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We need higher taxes

7 53 126
28.08.2017

Can we get real about “tax reform,” the Republican promise to enact deep tax cuts that will spur economic growth? Probably not, but let’s give it a try.

For starters, we can stop calling it “reform.” That’s a charged word, implying that the new tax system will be superior to the old. We don’t know that for a fact; the new system might be worse. Better to call what we’re doing the “tax debate” or “tax overhaul.” (The point is a general one. Advocates of policy changes routinely label their proposals “reform.” This suggests improvement, which may be nonexistent.)

Second, we cannot afford a net tax cut. If we are to lower tax rates and simplify complex tax provisions, we must offset the revenue losses by plugging loopholes, raising other taxes or cutting spending. Under current policies, the Congressional Budget Office has projected $10 trillion in deficits from 2018 to 2027. Trump’s tax plan, including provisions that would raise revenue, would add an additional $3.5 trillion in deficits over a decade, estimates the nonpartisan Tax Policy Center (TPC).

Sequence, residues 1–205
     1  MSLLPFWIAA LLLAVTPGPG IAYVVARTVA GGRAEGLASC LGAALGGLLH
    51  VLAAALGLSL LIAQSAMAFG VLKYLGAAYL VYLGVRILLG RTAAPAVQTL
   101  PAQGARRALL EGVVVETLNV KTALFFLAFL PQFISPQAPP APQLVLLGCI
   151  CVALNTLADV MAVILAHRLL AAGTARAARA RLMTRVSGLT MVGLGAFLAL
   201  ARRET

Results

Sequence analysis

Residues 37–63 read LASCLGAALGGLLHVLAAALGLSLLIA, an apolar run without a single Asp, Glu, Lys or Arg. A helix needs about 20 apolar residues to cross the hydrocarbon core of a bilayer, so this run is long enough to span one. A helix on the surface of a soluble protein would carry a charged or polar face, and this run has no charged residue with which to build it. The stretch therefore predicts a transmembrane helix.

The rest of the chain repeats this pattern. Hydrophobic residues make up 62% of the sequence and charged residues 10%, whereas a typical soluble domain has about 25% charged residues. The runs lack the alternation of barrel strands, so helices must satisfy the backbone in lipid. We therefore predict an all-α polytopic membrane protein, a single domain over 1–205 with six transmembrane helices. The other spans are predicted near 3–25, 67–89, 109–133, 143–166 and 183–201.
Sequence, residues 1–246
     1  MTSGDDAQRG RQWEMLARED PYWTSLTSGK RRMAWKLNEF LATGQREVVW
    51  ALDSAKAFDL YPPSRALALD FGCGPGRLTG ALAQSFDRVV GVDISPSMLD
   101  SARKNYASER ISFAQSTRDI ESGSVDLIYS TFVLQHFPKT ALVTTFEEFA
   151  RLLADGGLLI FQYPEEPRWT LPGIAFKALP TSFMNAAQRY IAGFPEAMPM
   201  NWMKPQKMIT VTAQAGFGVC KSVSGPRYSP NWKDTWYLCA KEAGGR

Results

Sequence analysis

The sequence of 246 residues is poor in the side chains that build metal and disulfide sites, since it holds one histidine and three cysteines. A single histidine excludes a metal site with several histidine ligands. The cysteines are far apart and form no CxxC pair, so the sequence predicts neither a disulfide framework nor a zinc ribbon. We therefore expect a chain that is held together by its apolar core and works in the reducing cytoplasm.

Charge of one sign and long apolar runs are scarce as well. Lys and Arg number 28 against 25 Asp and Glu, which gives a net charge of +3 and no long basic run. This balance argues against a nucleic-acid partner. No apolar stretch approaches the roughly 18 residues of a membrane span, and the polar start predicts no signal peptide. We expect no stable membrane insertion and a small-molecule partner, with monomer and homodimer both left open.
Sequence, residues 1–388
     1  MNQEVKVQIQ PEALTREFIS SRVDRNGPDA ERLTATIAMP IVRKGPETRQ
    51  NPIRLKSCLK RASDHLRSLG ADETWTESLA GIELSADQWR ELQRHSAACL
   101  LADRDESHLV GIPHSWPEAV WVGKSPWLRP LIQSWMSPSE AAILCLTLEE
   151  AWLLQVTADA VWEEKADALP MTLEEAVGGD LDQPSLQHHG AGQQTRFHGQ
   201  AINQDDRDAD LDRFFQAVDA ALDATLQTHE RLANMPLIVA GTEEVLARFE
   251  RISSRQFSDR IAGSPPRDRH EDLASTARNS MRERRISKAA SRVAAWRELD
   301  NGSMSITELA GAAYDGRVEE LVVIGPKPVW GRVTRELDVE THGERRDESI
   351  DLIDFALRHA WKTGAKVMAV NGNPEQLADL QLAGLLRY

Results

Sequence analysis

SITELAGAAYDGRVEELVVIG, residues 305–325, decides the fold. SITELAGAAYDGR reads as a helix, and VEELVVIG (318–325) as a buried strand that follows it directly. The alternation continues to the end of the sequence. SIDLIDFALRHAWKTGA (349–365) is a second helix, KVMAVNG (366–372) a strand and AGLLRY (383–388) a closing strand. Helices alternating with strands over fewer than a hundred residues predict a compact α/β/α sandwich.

Third, if tax cuts were initially financed by more deficit spending, the costs of today’s lower taxes would be transferred to future generations. “Tax cuts often look like ‘free lunches’ for taxpayers, but they eventually have to be paid for with other tax increases or........

© Washington Post